I was speaking with the brilliant linguist and author of Don't Think of an Elephant, George Lakoff this weekend and he got me thinking.
Every one of the president's most moving speeches -- the speeches where he inspired and lifted our country up -- had one thing in common. Speeches like his 2004 convention speech, the speech on race and the speech in Osawatomie, Kansas all spoke with moral clarity about who we are, about deep American values.
Yes, they talked about issues, but the issues were an outgrowth from the call to our character.
So, with respect, Mr. President, when you walk on stage in the next debate I would like to hear you say that the choice is not just about whose tax plan you like or who has the better health care strategy. It's much more fundamental than that. This is a choice about our national character.
Perhaps you can say this:
"Like Governor Romney, I love this nation. You, Governor, believe in the individual and in freedom. So do I. And I also believe that in order for the individual to exercise that freedom fully, in order for the individual to be personally responsible and successful, in order for that to happen, together we have to lay a certain foundation.
So that great small business owner that you talk about?
We all contributed to make sure she was educated at the public schools and public university. That we all participated doesn't take anything away from her individual accomplishments. It's okay, really. We're proud to have helped. We all, together as Americans, invested to build the public libraries and the roads and the national parks. We have organized ourselves, as a country, in a way that allows us to pool our resources to make sure that we all have the chance to be successful and to exercise that liberty. It's who we are as a nation.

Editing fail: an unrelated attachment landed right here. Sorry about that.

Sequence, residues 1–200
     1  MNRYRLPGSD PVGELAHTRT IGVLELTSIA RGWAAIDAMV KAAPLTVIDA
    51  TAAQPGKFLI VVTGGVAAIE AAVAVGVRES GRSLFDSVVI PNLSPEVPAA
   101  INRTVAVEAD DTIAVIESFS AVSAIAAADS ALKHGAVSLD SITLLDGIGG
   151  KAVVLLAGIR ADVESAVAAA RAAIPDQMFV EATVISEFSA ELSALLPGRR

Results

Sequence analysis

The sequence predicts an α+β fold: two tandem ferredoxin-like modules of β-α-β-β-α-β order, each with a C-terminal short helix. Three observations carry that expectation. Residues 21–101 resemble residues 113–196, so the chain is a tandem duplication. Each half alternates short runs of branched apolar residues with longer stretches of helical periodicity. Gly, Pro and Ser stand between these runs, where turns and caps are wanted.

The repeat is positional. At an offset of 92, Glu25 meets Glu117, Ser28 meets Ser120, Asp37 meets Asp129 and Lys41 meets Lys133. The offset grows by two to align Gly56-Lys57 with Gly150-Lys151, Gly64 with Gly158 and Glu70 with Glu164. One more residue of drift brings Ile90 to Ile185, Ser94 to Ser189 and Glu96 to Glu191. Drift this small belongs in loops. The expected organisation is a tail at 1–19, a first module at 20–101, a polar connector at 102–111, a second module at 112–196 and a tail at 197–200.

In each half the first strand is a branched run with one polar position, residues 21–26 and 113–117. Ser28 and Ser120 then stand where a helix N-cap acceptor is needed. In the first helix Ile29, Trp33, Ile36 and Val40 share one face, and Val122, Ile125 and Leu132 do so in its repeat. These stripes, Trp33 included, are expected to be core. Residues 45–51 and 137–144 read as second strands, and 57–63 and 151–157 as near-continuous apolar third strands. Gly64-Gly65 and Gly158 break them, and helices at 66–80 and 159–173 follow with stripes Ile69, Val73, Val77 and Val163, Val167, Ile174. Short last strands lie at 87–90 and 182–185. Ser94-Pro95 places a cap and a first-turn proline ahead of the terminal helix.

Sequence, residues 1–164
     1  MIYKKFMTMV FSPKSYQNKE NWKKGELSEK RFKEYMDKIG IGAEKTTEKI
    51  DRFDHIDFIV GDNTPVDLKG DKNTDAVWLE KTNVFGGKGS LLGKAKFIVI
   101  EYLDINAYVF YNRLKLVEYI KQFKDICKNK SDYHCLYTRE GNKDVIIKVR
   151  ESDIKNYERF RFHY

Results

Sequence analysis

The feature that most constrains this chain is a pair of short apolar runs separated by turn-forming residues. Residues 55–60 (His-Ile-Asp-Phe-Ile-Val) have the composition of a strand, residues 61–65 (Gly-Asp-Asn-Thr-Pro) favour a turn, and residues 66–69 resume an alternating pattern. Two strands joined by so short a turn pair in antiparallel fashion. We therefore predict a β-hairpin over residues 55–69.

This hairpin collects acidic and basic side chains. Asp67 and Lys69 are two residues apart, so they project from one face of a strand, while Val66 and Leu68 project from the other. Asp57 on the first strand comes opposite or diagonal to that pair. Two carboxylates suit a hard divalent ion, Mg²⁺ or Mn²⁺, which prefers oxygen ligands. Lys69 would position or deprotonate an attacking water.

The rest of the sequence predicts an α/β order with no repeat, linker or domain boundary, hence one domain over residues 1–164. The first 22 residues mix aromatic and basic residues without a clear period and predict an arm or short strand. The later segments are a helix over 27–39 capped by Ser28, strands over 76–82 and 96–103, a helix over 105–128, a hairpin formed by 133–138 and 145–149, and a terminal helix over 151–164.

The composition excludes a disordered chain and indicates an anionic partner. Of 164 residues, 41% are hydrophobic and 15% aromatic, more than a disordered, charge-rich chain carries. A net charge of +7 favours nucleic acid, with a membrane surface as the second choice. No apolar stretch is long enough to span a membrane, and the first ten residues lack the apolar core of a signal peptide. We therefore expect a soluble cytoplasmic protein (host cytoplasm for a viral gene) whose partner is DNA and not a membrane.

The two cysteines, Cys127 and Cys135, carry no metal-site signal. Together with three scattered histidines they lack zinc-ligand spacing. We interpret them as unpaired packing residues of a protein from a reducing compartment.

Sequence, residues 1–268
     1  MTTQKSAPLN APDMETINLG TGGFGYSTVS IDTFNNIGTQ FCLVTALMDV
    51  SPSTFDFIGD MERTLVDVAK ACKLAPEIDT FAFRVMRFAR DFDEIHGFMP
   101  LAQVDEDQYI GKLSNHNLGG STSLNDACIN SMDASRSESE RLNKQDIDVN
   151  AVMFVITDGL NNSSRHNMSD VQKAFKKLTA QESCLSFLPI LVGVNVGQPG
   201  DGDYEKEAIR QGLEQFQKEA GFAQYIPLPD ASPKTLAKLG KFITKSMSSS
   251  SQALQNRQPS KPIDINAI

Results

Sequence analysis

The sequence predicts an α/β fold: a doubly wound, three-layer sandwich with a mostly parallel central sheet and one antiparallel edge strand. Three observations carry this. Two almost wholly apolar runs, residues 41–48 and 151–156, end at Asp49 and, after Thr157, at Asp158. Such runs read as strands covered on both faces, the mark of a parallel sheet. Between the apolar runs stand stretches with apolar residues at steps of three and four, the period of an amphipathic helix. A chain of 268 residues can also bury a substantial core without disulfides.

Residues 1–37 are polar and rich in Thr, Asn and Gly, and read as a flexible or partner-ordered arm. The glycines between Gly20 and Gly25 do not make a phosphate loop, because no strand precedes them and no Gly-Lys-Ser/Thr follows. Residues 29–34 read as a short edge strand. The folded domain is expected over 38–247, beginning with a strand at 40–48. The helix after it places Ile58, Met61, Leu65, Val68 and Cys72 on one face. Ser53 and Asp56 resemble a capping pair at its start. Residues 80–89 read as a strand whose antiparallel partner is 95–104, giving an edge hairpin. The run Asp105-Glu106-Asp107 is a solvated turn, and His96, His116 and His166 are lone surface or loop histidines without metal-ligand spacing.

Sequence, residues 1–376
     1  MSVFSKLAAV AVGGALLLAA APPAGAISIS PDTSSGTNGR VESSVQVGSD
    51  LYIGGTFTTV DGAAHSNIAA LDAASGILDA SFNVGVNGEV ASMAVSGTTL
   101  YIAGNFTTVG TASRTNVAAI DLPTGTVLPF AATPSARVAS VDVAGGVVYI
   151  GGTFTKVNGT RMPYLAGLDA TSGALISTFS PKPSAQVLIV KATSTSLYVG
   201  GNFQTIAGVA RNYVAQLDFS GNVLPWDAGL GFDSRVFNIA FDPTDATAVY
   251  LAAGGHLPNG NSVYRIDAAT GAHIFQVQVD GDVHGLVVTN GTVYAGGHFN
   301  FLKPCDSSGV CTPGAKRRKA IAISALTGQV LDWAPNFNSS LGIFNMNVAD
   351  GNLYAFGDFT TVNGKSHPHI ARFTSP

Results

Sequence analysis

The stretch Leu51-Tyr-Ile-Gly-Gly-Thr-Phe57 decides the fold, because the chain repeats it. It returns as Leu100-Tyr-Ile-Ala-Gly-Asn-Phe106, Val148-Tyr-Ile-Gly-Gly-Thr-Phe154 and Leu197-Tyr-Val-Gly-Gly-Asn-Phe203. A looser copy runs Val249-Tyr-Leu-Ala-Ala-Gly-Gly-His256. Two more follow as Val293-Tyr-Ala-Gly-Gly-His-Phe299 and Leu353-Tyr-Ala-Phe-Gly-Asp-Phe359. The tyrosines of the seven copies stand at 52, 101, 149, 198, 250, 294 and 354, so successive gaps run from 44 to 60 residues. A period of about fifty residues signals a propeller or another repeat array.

My God, it makes me proud."
Say it at the start of the debate: "This election involves a moral choice. As an American family, will we force autistic children to simply be on their own? Will we force Uncle Ron, with a history of heart disease to go uninsured? We. Will. Not. "
Say it strong, Mr. President. Say, "I'm determined, in this family, that all of the children will be fed, and have shelter. In our family, we insist that we honor those who have brought us along -- the elders in our home, the veterans who have served us -- and we make sure they don't have to worry about health care or social security. Compassion as strength, not as softness. In our larger family, we take care of our own. That's who we are; that's what we do. This is a moral issue."
And remind us that Americans are not victims. I have not met a single person who is on unemployment who doesn't want a decent job -- not one -- or a single person on food stamps who doesn't want to be able to afford to feed his family. If one of our brothers or sisters suffers a temporary setback, we will be there to help her until she can stand on her own again. But make no mistake, she wants to stand on her own, and we want her to also.
Yes, we need to resolve the deficit in a responsible way. And we will do that. But not at the expense of this family.
That's the moral choice I'd like to hear about at the next debate, Mr. President. Sure, you could talk about the $716 billion in Medicare savings and the capital gains tax rate. But that's not what I really want to hear. Those are the little things, I want the big things. I don't want to hear about our smallness, I want to hear about our greatness. I don't want to hear about lies; I want to hear great truths. Tell us about our great national heart, our compassion, our character as a nation.
Tell us that, sir, and we'll follow you anywhere.